For more, read our post on federal cybersecurity or listen to our podcast on the contractors responsible for protecting federal systems and information:


•    Questions on the content of this post? Contact Greg Wilshusen at wilshuseng@gao.gov.
•    Comments on GAO’s WatchBlog? Contact blog@gao.gov.

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Infographic on Guidance Documents from Federal Agencies

Infographic_IconFederal agencies issue many documents targeted to the general public. These guidance documents help explain things like how employers can comply with workplace safety laws or how Head Start grantees can meet requirements.

Continue reading

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Podcast on North Korea Sanctions

North Korean tests of nuclear weapons and ballisticGAO Podcast Icon missiles threaten the United States and other United Nations member states. These types of actions have prompted the U.S. and the U.N. to impose sanctions on North Korea.

Hear our podcast with Tom Melito, a director in GAO’s International Affairs and Trade team, who led a recent review of U.S. and U.N. sanctions on North Korea.

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Shortages of Drugs Containing Controlled Substances

As we have previously discussed, in the last decade, Thumbnail Health Careshortages of prescription drugs have increased nationwide. In recent years, the number of new shortages reported has declined, but the number of active shortages of drugs containing controlled substances—a subset of prescription drugs such as narcotics, stimulants, and sedatives—remains high. Today’s WatchBlog explores what’s behind the shortages of prescription drugs containing controlled substances. Continue reading

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Our Quick Look at Homeland Security Acquisition Programs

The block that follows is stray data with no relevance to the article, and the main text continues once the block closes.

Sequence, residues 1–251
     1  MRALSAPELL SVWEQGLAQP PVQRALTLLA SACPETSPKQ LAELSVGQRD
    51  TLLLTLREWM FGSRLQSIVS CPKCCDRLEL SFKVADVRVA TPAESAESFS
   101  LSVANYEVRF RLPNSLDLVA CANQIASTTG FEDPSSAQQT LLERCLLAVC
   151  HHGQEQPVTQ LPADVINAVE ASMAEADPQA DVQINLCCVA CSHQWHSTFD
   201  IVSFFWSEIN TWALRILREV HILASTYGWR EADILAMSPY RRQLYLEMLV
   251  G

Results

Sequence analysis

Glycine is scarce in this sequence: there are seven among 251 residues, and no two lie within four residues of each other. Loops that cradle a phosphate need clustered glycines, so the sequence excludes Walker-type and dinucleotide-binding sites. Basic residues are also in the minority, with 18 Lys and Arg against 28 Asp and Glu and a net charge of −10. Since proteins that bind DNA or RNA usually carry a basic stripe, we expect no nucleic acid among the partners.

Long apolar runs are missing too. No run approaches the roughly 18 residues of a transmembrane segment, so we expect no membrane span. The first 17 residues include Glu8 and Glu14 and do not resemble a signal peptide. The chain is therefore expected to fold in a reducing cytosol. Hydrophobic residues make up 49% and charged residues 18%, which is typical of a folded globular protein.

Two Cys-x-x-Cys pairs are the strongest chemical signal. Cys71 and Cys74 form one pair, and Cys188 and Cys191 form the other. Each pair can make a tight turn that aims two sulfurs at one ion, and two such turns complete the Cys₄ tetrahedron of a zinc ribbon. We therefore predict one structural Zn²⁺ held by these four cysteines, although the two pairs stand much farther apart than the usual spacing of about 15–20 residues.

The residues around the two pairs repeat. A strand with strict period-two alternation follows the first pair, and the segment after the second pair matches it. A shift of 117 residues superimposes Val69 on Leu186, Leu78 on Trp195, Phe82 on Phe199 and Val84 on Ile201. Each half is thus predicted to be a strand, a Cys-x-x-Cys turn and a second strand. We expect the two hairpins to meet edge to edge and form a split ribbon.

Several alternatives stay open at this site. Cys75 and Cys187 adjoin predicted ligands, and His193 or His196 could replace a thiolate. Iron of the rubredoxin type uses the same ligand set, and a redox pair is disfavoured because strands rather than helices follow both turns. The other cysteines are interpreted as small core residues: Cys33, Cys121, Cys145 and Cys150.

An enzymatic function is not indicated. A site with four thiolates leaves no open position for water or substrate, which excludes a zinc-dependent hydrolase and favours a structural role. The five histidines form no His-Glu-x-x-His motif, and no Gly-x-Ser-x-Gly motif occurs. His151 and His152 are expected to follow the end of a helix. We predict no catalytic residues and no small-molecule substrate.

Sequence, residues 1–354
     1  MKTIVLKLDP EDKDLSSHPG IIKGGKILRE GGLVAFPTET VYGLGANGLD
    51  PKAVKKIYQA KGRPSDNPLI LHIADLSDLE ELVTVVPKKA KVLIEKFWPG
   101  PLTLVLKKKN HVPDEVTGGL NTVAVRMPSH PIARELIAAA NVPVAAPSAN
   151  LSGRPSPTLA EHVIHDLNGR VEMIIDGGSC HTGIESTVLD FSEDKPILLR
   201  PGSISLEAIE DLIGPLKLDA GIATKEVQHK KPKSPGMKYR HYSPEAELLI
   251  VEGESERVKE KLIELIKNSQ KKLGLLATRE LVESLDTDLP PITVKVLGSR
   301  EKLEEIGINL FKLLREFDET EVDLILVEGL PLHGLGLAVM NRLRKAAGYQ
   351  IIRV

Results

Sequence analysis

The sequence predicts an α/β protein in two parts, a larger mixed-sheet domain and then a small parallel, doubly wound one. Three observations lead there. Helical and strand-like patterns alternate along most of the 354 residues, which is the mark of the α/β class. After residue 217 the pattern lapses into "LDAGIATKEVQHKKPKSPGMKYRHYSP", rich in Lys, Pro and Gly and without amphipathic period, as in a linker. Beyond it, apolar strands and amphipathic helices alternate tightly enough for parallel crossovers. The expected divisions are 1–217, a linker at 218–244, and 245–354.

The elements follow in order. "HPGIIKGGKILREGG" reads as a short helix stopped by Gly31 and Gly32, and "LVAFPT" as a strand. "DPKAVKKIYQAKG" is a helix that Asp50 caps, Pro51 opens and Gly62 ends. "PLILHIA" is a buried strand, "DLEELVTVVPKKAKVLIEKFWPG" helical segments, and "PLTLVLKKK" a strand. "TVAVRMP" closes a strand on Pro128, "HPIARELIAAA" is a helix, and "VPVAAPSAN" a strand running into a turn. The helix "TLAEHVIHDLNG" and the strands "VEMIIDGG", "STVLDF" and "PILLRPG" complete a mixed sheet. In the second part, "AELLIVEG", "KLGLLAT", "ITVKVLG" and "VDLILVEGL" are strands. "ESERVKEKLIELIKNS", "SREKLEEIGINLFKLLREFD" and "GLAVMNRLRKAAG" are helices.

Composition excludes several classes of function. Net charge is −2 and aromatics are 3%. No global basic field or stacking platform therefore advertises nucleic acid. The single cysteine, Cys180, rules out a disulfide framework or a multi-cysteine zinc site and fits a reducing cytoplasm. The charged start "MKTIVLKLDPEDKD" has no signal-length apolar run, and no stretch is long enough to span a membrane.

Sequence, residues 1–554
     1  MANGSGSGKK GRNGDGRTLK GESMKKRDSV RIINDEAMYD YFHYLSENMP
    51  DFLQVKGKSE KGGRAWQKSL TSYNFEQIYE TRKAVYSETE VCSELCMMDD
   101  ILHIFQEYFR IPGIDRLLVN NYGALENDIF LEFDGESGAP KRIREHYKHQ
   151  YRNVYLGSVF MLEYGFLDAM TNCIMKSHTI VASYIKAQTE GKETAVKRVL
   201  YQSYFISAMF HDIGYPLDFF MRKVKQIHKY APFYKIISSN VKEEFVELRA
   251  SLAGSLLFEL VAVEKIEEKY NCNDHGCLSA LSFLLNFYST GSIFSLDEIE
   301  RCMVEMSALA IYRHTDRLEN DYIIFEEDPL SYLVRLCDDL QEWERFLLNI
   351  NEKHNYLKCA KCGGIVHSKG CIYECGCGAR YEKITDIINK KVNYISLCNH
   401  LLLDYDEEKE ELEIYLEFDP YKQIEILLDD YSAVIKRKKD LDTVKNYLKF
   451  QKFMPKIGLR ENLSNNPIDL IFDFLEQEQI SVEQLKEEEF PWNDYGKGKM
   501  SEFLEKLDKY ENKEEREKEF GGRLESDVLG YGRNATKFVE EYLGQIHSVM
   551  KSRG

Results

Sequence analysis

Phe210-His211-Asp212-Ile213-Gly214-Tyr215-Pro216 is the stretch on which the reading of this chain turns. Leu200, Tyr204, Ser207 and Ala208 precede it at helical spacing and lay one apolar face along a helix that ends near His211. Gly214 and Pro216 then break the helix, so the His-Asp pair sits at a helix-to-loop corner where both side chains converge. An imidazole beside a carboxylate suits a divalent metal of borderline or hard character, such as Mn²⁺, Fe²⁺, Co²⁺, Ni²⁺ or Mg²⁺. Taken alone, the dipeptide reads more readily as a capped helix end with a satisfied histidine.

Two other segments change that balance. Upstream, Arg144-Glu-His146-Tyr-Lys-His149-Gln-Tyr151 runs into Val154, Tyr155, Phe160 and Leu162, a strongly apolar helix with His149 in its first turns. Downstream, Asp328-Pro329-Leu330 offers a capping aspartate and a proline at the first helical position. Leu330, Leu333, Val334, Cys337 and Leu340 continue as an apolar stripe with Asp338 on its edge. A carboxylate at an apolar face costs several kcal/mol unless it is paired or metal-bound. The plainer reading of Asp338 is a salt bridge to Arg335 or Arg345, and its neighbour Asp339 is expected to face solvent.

We recently released our “quick lookthumbnail_homeland_securityat Department of Homeland Security (DHS) Acquisitions, assessing 22 major programs created to help secure the border, enhance cyber security, improve disaster response, and execute a wide variety of other operations.

The good news? Two of the programs are on track to meet key cost and schedule goals. But where does that leave the other 20? Today’s WatchBlog explores. Continue reading

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Podcast on Medicaid Payments to Health Care Providers

GAO Podcast IconUnder Medicaid, states pay health care providers and receive federal matching funds for their payments. We have previously found that some states’ excessive Medicaid payments to certain provider institutions shifted costs inappropriately from states to the federal government.

Hear our podcast with Katherine Iritani, a director in GAO’s Health Care team, who led a recent review of state Medicaid payments to government and private health care provider institutions in selected states.

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Traveling Quickly but Safely This Summer

thumbnail_homeland_securityCurious how to pack for your next trip, or how to get into one of those TSA Pre ✔TM lines at the airport? For National Travel and Tourism Week, today’s WatchBlog highlights our recent reports on Transportation Security Administration (TSA) security efforts that could affect your airport experience. Continue reading

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Reflections on the Federal Workforce

This weekPSRW_logo_600x268 is Public Service Recognition Week, which honors federal workers’ competence and dedication, and reminds us of the important work federal employees perform every day. In honor of this week, today’s WatchBlog reflects on federal workforce management progress and challenges. Continue reading

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Contractors in Iraq & Afghanistan

thumbnail_defenseAt the peak of combat operations in Iraq and Afghanistan, the number of military contractors sometimes met or exceeded the number of U.S. military personnel in service. Since then, contracted support in these areas has decreased, but contractors continue to play an important role in sustaining U.S. forces abroad. To help understand how the Department of Defense (DOD) oversees these contractors, today’s WatchBlog shines a light on operational contract support (OCS). Continue reading